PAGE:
Javiera Caballero Wants One Durham City Council Meeting to Be in Spanish, So English-Speakers Know What It’s Like | Triangulator | Indy Week

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Javiera Caballero Wants One Durham City Council Meeting to Be in Spanish, So English-Speakers Know What It’s Like

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The Durham City Council made history last week by appointing its first Latinx member to fill a seat that opened up when Steve Schewel was elected mayor. Javiera Caballero is a mother of three, a former teacher, and a program coordinator with an education consulting firm. She moved to the United States from Chile as a child and has lived in Durham since 2010. Over a plain glazed Monuts donut (she has a discerning sweet tooth after a stint as a baker), Caballero spoke with the INDY about her first city council meeting (which took place just an hour after she learned she got the job), her plans to make City Hall more inclusive, and her love of the Bull City.

On her appointment and first meeting

That was a little surreal. I remember getting home that night and quite frankly being like, What just happened? I did not go into the meeting expecting that I had it. I knew Pilar [Rocha-Goldberg] had a very good shot at it. She definitely has a much higher profile than I did in the community. But I also know that, I guess, the activist Latino community very verbally was supporting me.

On the lack of Latinx people on Durham's elected bodies

I was kind of floored that there had never been any representation. The community is twenty-five years old. That's a generation. Our numbers are stabilizing, but when people say fourteen percent of the community is Latino, I'm like, maybe, but in the public schools it's thirty—so that's going to increase as that generation gets older.

Her hopes for the city council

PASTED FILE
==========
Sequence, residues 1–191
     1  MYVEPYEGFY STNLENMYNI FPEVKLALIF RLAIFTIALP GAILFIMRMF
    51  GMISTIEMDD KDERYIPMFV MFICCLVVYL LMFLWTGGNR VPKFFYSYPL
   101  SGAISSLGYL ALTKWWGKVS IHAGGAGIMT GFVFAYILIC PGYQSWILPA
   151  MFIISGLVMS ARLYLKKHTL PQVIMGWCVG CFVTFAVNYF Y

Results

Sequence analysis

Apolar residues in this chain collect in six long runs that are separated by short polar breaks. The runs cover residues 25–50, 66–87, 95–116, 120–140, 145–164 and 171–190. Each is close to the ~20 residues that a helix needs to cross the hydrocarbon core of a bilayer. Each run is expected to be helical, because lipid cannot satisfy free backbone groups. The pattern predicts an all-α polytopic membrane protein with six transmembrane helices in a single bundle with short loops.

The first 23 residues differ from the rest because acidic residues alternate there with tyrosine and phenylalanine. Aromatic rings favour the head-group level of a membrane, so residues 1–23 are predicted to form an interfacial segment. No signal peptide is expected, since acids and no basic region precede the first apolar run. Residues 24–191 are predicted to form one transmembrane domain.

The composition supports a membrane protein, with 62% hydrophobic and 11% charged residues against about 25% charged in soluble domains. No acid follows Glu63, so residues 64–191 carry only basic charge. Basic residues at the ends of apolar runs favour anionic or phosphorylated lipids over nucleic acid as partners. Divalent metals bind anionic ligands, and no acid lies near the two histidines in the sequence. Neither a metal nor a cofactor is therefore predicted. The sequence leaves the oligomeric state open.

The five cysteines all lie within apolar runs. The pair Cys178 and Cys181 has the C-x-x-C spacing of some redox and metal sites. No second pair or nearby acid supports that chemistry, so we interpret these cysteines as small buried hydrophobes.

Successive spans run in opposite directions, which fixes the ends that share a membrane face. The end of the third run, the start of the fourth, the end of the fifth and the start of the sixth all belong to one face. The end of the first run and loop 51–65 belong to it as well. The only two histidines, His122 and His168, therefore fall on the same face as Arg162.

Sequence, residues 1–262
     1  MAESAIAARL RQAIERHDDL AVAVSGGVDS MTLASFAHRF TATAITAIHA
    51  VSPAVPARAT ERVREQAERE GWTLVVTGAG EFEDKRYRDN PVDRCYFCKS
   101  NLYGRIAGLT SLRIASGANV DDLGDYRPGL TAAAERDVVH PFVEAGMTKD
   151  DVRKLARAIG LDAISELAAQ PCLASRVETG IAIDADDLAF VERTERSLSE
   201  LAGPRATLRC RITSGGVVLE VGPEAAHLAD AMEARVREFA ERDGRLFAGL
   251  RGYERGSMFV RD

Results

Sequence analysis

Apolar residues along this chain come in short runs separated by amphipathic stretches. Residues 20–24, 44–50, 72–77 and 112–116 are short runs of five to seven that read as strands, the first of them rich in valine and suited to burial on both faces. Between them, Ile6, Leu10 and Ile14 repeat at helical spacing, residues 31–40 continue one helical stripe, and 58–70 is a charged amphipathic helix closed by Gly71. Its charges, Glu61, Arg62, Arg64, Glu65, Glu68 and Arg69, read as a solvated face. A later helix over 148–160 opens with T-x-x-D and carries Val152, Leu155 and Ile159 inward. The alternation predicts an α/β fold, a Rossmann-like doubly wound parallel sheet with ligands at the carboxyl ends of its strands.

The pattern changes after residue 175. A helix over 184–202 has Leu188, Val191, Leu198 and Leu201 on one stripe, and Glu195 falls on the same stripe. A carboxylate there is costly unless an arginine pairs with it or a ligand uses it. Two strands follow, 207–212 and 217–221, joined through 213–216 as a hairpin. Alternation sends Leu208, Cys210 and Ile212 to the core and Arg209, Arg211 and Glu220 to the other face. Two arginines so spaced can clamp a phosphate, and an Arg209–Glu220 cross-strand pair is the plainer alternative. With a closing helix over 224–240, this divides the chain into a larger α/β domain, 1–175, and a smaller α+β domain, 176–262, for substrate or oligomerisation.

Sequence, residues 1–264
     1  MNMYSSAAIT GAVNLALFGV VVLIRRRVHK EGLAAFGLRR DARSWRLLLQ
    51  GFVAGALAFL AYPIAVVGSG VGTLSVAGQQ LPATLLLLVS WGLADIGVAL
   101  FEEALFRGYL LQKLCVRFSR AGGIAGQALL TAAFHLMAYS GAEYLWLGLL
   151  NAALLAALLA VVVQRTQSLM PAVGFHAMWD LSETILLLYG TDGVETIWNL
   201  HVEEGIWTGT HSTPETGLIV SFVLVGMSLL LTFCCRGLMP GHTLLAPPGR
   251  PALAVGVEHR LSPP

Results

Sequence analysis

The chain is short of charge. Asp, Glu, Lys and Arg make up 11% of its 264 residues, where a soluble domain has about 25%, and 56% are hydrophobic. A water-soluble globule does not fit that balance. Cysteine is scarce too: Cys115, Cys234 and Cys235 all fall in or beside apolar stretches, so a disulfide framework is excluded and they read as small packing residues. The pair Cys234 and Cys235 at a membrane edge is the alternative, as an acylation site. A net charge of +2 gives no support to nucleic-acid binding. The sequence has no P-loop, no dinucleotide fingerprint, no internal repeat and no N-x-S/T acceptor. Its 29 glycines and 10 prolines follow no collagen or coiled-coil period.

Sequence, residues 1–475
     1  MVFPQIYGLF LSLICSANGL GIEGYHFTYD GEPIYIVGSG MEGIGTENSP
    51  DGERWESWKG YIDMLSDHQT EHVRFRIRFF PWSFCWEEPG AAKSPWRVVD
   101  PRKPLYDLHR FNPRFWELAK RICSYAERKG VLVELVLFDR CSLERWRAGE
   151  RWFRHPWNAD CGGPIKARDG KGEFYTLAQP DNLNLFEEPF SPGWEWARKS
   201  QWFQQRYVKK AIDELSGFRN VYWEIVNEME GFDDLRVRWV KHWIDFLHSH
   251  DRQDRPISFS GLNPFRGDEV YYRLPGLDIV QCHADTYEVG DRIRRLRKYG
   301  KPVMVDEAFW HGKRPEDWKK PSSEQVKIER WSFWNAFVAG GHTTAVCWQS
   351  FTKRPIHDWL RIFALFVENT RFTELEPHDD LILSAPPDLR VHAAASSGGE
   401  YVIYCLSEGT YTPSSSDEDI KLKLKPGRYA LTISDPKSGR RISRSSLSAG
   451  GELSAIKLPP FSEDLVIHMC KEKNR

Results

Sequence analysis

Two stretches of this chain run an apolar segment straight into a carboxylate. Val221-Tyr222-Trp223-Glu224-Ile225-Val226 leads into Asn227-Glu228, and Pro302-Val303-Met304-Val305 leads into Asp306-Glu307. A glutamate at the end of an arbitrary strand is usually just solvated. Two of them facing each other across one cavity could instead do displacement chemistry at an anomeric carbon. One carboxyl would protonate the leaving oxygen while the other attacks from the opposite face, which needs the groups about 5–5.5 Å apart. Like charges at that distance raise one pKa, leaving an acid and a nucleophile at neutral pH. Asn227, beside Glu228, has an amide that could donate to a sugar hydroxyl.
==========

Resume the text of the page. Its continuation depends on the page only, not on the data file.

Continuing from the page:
This is a very progressive council, I would say almost radical city council, and I think that we are in this moment where Durham has just a few years to really figure out the pattern that we're going to be. Are we going to be like so many other cities? We're in gentrification mode—everyone knows that—but we're not at the end of it. We're in the middle of it. We still have a chance to not just make this city for super-affluent people.

On making City Hall more inclusive

I would actually love to have a meeting where you do simultaneous interpretation and the meeting is in Spanish and it's the English speakers that have to flip and have to wait. There's a power in there. There are basic things like translation and interpretation at meetings, agendas, some outreach. Then we get into the deeper level of accessibility, which is how many people in City Hall speak Spanish? And I say Spanish because that's the largest population. I think that there would be a conversation about what other languages are in our community.

On why she loves Durham

You just meet people who are very genuine and kind and not pretentious, and I had never really experienced that in other places. It's all kinds of people—all classes, all ethnicities, gay, straight. There was just this openness. And then the kids started school and made friends really easily.

On creating a safe space for immigrant families at Club Boulevard Magnet Elementary School, where she serves as PTA president

Right after the election in 2016, we had just a routine PTA meeting. We were going to talk about mundane things like a cookies-and-cocoa event coming up in December. I approached our assistant principal and I said we can't do that—people are terrified right now. I had already heard kids crying in school, that kids had come home crying, asking are so-and-so's parents going to get deported? So we had this forum so that people could express their concerns. We weren't the only one. Club was first but there was one at Riverside, one at Forest View, and what ended up happening is that DPS crafted policy about what the rules were going to be. There were several messages from our superintendent saying you are welcome, please come to the schools, do not be afraid.

On joining a council that is mostly working mothers

You have four working moms under about forty, and I don't think that happens very often. I find that pretty radical. Regardless of ethnicity or race, working moms get left out of many things in our society. I work for an all-women team in my other job, and it's a very different place to work. My hope and expectation is that it's going to be a more collaborative effort. I think women approach work in that way. I know that's a stereotype, but it's always been my experience.

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